In “AI in Adjudication and Administration,” forthcoming in the Brooklyn Law Review, Penn Law’s Edward B. Shils Professor of Law and Professor of Political Science Cary Coglianese and co-author Lavi M. Ben Dor survey and assess the use of artificial intelligence in courts and administrative agencies throughout the United States.
Artificial intelligence (AI) systems involve the use of digital technologies known as machine learning algorithms to process and sort enormous volumes of data and then generate and refine predictions based on the data. The increasing sophistication of such tools for decision-making is leading to their adoption in many areas of the economy.
Because of the structure of the U.S. government, the thousands of agencies and courts at the national, state, and local levels are largely free to develop their own policies and protocols on whether to keep records in electronic form, how to make those records available for storage and retrieval, and how to use those records to support their own decision-making.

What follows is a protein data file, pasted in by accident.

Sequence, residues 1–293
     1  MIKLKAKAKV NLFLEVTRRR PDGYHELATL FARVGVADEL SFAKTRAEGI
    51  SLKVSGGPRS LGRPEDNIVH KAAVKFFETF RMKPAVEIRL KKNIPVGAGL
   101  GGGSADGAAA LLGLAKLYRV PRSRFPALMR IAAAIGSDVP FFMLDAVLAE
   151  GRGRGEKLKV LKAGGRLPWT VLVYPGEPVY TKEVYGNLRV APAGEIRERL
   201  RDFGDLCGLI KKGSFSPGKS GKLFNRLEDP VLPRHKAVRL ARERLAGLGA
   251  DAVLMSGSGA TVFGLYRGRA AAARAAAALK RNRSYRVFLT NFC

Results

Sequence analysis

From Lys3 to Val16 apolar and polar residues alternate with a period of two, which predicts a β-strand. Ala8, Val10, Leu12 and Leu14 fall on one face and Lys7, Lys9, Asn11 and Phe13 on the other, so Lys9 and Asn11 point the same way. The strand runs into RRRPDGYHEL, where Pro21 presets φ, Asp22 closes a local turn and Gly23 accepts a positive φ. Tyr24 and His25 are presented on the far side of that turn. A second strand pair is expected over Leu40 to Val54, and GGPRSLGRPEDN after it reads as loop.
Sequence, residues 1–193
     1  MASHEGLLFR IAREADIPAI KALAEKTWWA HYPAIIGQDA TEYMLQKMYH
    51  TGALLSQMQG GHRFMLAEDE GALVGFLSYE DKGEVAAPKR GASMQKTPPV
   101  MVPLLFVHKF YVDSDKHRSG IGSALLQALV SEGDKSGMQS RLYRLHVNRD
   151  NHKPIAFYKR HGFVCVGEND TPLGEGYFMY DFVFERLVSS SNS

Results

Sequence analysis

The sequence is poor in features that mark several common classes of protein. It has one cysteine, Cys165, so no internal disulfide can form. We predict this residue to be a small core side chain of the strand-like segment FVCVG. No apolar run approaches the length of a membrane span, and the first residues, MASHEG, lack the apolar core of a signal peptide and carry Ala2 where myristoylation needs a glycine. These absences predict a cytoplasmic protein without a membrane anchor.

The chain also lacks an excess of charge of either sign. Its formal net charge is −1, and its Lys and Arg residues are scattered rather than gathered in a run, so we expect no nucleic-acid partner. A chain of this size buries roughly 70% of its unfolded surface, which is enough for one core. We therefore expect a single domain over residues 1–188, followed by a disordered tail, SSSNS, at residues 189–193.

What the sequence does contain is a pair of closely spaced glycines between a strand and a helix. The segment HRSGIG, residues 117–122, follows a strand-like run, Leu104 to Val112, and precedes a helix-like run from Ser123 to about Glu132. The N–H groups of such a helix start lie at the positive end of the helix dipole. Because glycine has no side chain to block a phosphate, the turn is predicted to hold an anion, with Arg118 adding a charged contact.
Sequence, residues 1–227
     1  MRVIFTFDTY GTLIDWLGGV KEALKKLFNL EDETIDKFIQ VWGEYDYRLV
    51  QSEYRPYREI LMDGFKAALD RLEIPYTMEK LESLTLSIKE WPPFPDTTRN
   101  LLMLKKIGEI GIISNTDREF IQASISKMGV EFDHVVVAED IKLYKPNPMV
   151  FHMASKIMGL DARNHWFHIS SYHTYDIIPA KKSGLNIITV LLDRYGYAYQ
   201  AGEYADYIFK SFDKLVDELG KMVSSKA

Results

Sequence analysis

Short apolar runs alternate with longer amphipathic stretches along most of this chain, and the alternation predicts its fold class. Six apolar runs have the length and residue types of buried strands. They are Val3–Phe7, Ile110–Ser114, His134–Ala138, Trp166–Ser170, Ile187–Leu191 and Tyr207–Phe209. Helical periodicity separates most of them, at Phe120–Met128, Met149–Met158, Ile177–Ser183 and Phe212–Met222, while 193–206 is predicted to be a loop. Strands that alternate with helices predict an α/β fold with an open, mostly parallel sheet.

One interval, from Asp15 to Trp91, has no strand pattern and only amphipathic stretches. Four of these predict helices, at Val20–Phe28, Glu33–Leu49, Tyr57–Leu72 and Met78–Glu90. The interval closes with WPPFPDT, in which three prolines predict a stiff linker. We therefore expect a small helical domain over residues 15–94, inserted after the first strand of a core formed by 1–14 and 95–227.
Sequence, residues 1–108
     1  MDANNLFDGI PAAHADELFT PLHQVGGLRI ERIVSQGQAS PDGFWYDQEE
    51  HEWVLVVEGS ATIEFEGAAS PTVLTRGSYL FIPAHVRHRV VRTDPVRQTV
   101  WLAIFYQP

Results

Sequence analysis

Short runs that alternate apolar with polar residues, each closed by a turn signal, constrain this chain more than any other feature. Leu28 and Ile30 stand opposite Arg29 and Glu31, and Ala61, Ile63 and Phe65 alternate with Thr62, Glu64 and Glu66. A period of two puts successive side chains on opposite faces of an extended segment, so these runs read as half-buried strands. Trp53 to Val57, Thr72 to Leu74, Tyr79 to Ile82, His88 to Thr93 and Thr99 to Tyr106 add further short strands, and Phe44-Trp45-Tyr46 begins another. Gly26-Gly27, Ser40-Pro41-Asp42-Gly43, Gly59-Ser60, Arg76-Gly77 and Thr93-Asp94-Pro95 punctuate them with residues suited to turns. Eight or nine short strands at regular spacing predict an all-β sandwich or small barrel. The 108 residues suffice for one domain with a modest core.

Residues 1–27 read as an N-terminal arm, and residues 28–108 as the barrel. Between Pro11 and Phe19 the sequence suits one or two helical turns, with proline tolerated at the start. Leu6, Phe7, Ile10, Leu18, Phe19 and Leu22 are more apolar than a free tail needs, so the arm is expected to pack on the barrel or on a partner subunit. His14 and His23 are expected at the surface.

Controversy around AI centers on the possibility of using it to replace, rather than merely to inform, human decision-making in courts and agencies. As Coglianese and Ben-Dor show in their article, government has generally not reached anything close to that concerning scenario—at least not yet.
At present, they find that “no judicial or administrative body in the United States has instituted a system that provides for total decision-making by algorithm, such that a digital system makes a fully independent determination” that takes human judgment “out of the loop.”
Read more at Penn Law News.